Stress can also take a toll on the gut. “When you’re stressed and anxious, you feel more bloating in the digestive system and discomfort. ‘Butterflies in your stomach’ comes from that,” says Freitas. Stress and anxiety can lead to symptoms like:

  • Bloating 
  • Abdominal rumbling noises
  • Abdominal pain
  • Feelings of tension 
  • An increase in bowel movements, sometimes with pain

The good news is simple adjustments can help keep your gut health strong even while enjoying holiday fare. To find balance in your gut, Freitas and Leigh recommend trying these tips:

  • Eat a small meal full of fruits and vegetables before you go to holiday functions. It will ensure you’re getting nutrients and that any festive foods being served won’t have as large an impact on your overall diet. 
  • Consume fermented foods, such as yogurt, kombuchas, sauerkraut and home-pickled vegetables in your everyday diet. Consuming fermented foods consistently and frequently can help with the minor digestion issues that come with heavy holiday foods. 
  • Exercise and move your body to help your blood pump and move food through your digestive system. 
  • Eat foods with fiber, such as fruits, vegetables and whole grains to help move things through your digestive tract. 
  • Drink plenty of water and stay hydrated to help move nutrients through your body as well.
  • Get enough sleep to support overall health and gut health. “A lot of repair and work happens in your body when you sleep,” says Leigh. “If you’re not getting enough, your body can’t rebuild. If you’re not getting enough sleep, it can also impact the foods you choose to eat, which can then impact gut health,” adds Leigh.

Another simple way Freitas and Leigh recommend promoting gut health this holiday season is considering the incorporation of probiotics. This type of good bacteria is proven to have a particular benefit in both gut health and immune-related functions. Probiotics can be consumed via foods or supplements, but Freitas prefers food over pills. Probiotic foods are able to buffer stomach acid, thereby increasing the chances of the probiotic surviving its trip through the digestive system. They also contain nutrients you won’t find in a supplement capsule, and they’re often more enjoyable to consume, which encourages people to eat them.

With that said, if you’re interested in washing down a probiotic supplement with your eggnog this year, Freitas and Leigh encourage you to research some brands to determine whether their products are backed by research when it comes to supporting gut and immune health. Next, pay attention to the names of the probiotic strains included in the supplement, which are typically a combination of numbers and letters—not just a type like Lactobacillus or Bifidobacterium. If you can find research supporting the benefits of the specific probiotic names on a product label, that’s even better.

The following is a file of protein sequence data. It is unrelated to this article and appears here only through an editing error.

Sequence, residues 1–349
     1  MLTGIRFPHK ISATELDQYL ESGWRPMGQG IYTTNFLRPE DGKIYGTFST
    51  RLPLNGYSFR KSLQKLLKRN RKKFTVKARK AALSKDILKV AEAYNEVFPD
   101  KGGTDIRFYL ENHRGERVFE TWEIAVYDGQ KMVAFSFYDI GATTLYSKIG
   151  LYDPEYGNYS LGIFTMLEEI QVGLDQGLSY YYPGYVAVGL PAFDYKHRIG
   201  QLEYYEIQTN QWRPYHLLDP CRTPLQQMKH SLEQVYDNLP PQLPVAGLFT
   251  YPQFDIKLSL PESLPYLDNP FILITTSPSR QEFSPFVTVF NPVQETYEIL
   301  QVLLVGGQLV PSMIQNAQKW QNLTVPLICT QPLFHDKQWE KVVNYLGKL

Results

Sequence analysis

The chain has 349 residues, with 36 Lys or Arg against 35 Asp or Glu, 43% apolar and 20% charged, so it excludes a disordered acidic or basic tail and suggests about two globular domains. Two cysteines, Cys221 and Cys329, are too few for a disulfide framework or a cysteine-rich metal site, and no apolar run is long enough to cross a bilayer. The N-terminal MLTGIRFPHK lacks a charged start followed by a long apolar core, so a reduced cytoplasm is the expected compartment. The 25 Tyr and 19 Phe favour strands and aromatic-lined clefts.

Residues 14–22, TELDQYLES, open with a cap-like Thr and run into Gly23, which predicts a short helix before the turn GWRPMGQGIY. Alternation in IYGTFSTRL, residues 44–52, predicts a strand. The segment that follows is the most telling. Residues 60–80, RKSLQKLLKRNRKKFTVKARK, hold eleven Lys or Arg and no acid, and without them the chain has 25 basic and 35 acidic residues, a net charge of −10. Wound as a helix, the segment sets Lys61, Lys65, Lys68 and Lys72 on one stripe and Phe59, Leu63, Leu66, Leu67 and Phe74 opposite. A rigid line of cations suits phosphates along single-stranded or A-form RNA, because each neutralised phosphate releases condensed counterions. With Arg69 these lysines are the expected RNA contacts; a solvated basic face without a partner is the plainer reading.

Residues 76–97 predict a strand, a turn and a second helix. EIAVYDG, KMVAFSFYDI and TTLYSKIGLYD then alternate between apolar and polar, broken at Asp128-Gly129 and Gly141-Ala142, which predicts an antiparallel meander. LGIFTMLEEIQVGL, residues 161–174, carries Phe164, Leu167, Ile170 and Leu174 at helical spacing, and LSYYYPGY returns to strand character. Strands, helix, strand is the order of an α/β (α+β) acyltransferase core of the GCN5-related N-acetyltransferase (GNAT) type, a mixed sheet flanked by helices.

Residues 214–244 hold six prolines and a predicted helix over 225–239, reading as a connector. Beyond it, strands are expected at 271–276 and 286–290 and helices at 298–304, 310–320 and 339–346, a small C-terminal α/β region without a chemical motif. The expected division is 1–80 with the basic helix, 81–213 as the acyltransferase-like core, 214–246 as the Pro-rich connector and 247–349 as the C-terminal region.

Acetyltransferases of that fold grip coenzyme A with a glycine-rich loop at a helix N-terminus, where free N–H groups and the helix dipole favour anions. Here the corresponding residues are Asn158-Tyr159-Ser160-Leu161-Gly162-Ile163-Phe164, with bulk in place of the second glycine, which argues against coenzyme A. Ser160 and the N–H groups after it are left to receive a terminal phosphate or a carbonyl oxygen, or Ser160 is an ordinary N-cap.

Many people shopping for a probiotic supplement focus on the number of colony-forming units (CFUs) on the label, which indicates how many bacteria exist in a sample. However, more isn’t necessarily better. In fact, Leigh calls this “the kitchen sink approach.” “They throw a bunch of strains in there and get the numbers high, but that doesn’t mean it’s more effective.” Instead, focus on the specific probiotic strains and their research-backed benefits.

Even with a supplement, remember probiotics are not a magic pill for perfect health, but rather a part of the larger gut-focused effort to support overall wellness. Freitas and Leigh recommend taking a probiotic as an additional layer to your diet while also incorporating fermented foods and healthy lifestyle habits, especially during the holiday season.

Make Movement Merry

Between holiday travel and traditions, it’s easy to feel as though there’s no time for normalcy, especially when it comes to your fitness routine. With the pile-on of events and tasks to do before the holidays hit, it’s not shocking that Americans exercise less in winter months, least of all in December, according to a four-year study tracking American exercise habits. 

But the holidays don’t need to be a time to send all physical health efforts down the drain. Established exercise routines can stay intact—and can even make you feel better.

The holiday season can demand flexibility, which makes maintaining routines difficult. But just because physical activity might look different during this time doesn’t mean you’re not reaping the same rewards. 

“If you’re a photographer and you want to pick up a camera and take pictures of what fall or winter looks like to you, that’s movement,” says Coomer. “Anything that gets you off of your couch is helpful. It doesn’t have to look like how you think it has to look like. There are lots of different ways to move without plugging away at a gym.”

Walking is another easy way to move without equipment or classes. It can also be done in a group when time is tight and family activities take priority over gym sessions. Just grab your sneakers and go.

Credited to: Forbes